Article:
Adventist Digs Included in Top 10 Biblical Archaeology Discoveries of 2015
Southern Adventist University makes Christianity Today’s Top 10 list — twice.
, with Adventist Review staff
Two of the top 10 biblical archaeology discoveries of 2015 reported by Christianity Today came from excavations sponsored by Southern Adventist University.
“Archaeological discoveries made public in 2015 have given us new information about biblical events and people,” Christianity Today, a leading Christian magazine in the United States, wrote in a Dec. 30 article titled “Biblical Archaeology’s Top Ten Discoveries of 2015.”
No. 5 on the list is the Eshba’al inscription found at Khirbet Qeiyafa, located in the Elah Valley in southern Israel. The inscription dates back to the days of Saul and David and mentions a man by the name of Eshba’al, the same name as one of King Saul’s sons.
The inscription’s publication made international headlines in June 2015 and prompted a meeting between the directors and Israel’s prime minister, Benjamin Netanyahu.
“This name only occurs in 10th-century BC contexts in the Bible, which means that the biblical text fits very well with the archaeological data in Judah,” said Michael G. Hasel, professor of Near Eastern studies and archaeology at Southern Adventist University, and a director in the excavation. “It also confirms, with the other inscriptions found at the site, that Hebrew writing was well established in Judah by the early 10th century BC.”
Khirbet Qeiyafa has become the crucial site in the ongoing debate about the early history of Judah. New data from the site, including this inscription, has established an early date for the monarchies of Saul and David, which some scholars wish to dismiss from history.
An inscription found at Khirbet Qeiyafa that dates back to the days of Saul and David and mentions a man named Eshba’al, the same name as one of King Saul’s sons. (Courtesy of SAU)
Sifting though Khirbet Qeiyafa, a crucial site in an ongoing debate about the early history of Judah. (Nick Lindsay / The Fourth Expedition to Lachish)
No. 4 on the journal’s list is a Canaanite ostracon found at Tel Lachish. This is the first time a proto-Canaanite inscription was found in the past 30 years of archaeology in Israel. The context of the inscription was a Late Bronze Age Canaanite temple at Tel Lachish, one of the most important cities of Canaan during the period of the Judges.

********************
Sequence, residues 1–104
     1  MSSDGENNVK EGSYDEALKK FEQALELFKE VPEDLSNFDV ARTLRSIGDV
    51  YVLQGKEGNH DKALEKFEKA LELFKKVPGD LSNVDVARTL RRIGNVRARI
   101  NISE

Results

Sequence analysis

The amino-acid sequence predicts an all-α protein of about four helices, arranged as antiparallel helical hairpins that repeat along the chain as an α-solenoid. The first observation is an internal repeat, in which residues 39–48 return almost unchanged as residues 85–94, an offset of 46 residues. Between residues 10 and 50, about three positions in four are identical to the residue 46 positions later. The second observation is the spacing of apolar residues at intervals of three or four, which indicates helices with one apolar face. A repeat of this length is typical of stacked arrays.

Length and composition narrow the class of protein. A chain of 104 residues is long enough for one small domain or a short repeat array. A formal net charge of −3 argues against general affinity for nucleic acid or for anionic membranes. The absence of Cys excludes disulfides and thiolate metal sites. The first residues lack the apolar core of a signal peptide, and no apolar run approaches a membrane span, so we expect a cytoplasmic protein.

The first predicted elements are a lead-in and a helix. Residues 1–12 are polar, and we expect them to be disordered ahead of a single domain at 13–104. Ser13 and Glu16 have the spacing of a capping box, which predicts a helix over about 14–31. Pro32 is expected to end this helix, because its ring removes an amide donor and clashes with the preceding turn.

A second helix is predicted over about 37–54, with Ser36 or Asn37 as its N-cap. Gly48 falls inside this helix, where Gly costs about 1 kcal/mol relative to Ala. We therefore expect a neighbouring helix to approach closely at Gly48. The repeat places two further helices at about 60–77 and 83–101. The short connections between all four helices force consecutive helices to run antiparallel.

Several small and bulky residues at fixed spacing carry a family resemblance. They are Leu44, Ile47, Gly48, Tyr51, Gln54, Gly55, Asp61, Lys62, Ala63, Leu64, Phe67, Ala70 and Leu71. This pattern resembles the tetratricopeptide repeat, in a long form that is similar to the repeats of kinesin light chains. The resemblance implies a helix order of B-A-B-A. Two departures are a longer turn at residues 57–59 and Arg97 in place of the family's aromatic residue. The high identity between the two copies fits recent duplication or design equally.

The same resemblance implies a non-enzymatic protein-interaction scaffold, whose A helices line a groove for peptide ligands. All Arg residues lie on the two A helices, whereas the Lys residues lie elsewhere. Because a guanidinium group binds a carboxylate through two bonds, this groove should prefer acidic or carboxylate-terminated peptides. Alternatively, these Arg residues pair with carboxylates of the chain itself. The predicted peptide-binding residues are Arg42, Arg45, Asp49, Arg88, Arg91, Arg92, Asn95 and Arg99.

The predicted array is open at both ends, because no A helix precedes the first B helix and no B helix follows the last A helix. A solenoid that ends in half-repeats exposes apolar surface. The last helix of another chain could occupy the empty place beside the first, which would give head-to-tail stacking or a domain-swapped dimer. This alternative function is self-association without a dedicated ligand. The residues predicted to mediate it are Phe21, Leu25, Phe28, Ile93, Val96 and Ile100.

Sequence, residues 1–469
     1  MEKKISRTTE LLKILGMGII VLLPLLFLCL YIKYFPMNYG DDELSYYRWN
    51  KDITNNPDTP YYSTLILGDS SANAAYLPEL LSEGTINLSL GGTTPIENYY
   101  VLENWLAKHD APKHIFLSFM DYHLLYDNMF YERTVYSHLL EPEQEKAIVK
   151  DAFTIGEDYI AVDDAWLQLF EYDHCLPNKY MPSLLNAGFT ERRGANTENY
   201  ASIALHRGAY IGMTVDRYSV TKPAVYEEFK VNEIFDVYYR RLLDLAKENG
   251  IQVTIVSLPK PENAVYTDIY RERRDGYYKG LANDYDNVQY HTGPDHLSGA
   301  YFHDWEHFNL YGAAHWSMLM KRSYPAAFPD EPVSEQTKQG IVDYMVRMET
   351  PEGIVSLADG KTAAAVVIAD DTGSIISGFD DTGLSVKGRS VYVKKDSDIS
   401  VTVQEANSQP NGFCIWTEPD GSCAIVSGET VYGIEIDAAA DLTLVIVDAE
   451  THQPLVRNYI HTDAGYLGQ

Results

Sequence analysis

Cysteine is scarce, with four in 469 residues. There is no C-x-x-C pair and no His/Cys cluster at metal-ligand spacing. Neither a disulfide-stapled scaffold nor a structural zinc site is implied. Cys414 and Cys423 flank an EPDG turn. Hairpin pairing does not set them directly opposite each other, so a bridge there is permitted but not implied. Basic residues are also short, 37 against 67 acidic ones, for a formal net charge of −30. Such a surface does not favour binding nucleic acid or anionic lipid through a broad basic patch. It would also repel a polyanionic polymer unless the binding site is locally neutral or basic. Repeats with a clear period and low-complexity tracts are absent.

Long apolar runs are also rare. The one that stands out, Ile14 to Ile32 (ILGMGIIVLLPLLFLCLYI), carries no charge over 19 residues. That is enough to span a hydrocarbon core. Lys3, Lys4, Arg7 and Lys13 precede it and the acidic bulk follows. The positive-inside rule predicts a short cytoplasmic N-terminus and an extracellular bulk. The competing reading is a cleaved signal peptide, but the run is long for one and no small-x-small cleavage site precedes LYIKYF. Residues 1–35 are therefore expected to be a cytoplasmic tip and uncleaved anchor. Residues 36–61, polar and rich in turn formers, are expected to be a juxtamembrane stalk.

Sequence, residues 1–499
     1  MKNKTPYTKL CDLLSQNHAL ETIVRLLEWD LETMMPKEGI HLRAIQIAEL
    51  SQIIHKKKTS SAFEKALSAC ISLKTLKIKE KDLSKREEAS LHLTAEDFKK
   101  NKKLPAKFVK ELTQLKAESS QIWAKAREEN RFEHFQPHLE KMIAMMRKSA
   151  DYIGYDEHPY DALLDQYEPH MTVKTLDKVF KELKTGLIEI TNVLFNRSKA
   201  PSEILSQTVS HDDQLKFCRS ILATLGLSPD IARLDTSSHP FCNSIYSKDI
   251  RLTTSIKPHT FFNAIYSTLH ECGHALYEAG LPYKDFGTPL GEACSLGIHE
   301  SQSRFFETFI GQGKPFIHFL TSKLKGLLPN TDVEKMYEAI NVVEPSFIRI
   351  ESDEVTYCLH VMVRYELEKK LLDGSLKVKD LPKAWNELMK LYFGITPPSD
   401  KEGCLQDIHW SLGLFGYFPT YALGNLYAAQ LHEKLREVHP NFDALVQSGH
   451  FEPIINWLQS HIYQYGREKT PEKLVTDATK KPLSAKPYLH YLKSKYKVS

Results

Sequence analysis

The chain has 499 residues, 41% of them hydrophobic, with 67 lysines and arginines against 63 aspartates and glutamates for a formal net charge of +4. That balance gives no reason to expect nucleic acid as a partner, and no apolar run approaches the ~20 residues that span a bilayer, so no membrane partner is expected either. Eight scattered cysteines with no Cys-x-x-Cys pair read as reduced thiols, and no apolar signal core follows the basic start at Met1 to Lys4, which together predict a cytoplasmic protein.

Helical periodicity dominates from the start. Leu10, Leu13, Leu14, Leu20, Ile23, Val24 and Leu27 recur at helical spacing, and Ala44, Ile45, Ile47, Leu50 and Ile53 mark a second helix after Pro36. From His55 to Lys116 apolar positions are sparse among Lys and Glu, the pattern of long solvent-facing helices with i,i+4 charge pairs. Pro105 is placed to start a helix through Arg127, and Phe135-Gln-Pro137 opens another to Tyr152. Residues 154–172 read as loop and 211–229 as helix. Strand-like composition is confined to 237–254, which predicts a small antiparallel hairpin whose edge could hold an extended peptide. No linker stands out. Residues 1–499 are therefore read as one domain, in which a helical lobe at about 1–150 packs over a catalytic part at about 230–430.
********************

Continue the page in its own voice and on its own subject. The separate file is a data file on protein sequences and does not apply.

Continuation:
“The fragmentary inscription is very difficult to read, but provides important information about the development of the proto-Canaanite alphabet as it progressed from Hebrew, Greek, and then Latin,” Hasel said.
Also on the Top 10 list, at No. 3, is the discovery of the Hezekiah seal impression, which Hasel wrote about in the Adventist Review last month.
Southern Adventist University’s Institute of Archaeology is a co-sponsor with the Hebrew University of Jerusalem of the expeditions to Khirbet Qeiyafa and Lachish. The Khirbet Qeiyafa excavation phase concluded in 2013 and is now completing final publications.The Fourth Expedition to Lachishbegan its investigations at the second-most important biblical site in Judah in 2013 and has become the largest excavation in the Middle East with 115 to 120 staff members and volunteers in the field every year. An international consortium of Adventist institutions joins Southern every year, including the Adventist International Institute of Advanced Studies (Philippines), Adventist University of Bolivia (Bolivia), Helderberg College (South Africa). Other consortium institutions include Korean Jangsin University, Oakland University, and Virginia Commonwealth University.
The excavations at Lachish have also uncovered massive destructions from the Babylonian campaign of Nebuchadnezzar in 586 BC (2 Kings 25) where dozens of whole vessels have been found and the earlier 701 BC destruction of Sennacherib, the king of Assyria (2 Kings 18; Isaiah 36-37). The Assyrian destruction level contained several so-called LMLK jars found on the surface. The term LMLK in Hebrew means “for the king.” In previous expeditions, more than 400 LMLK storage jar handles were uncovered at Lachish, many dating specifically to King Hezekiah.
This coming summer, the project will continue from June 16 to July 24 as participants hope to uncover more buried secrets from the ancient city of Lachish.
For information on how to participate, visit southern.edu/lachish.
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